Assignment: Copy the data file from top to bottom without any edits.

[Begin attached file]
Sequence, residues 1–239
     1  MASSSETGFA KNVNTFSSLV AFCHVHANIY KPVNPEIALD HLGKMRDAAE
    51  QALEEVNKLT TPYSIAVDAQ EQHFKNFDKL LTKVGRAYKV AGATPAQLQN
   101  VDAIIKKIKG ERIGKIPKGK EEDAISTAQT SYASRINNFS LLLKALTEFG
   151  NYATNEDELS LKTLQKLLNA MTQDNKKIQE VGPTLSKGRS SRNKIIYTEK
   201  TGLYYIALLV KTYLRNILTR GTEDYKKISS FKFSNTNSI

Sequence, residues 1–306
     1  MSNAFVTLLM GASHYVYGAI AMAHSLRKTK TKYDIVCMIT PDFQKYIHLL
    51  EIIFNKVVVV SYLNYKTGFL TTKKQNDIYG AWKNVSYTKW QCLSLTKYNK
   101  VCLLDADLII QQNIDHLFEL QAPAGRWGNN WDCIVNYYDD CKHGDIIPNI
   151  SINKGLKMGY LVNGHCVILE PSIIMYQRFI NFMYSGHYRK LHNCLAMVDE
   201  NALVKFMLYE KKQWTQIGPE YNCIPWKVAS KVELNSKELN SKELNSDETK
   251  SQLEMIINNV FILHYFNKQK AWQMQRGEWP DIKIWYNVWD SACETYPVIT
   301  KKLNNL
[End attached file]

Sequence, residues 1–239
     1  MASSSETGFA KNVNTFSSLV AFCHVHANIY KPVNPEIALD HLGKMRDAAE
    51  QALEEVNKLT TPYSIAVDAQ EQHFKNFDKL LTKVGRAYKV AGATPAQLQN
   101  VDAIIKKIKG ERIGKIPKGK EEDAISTAQT SYASRINNFS LLLKALTEFG
   151  NYATNEDELS LKTLQKLLNA MTQDNKKIQE VGPTLSKGRS SRNKIIYTEK
   201  TGLYYIALLV KTYLRNILTR GTEDYKKISS FKFSNTNSI

Sequence, residues 1–306
     1  MSNAFVTLLM GASHYVYGAI AMAHSLRKTK TKYDIVCMIT PDFQKYIHLL
    51  EIIFNKVVVV SYLNYKTGFL TTKKQNDIYG AWKNVSYTKW QCLSLTKYNK
   101  VCLLDADLII QQNIDHLFEL QAPAGRWGNN WDCIVNYYDD CKHGDIIPNI
   151  SINKGLKMGY LVNGHCVILE PSIIMYQRFI NFMYSGHYRK LHNCLAMVDE
   201  NALVKFMLYE KKQWTQIGPE YNCIPWKVAS KVELNSKELN SKELNSDETK
   251  SQLEMIINNV FILHYFNKQK AWQMQRGEWP DIKIWYNVWD SACETYPVIT
   301  KKLNNL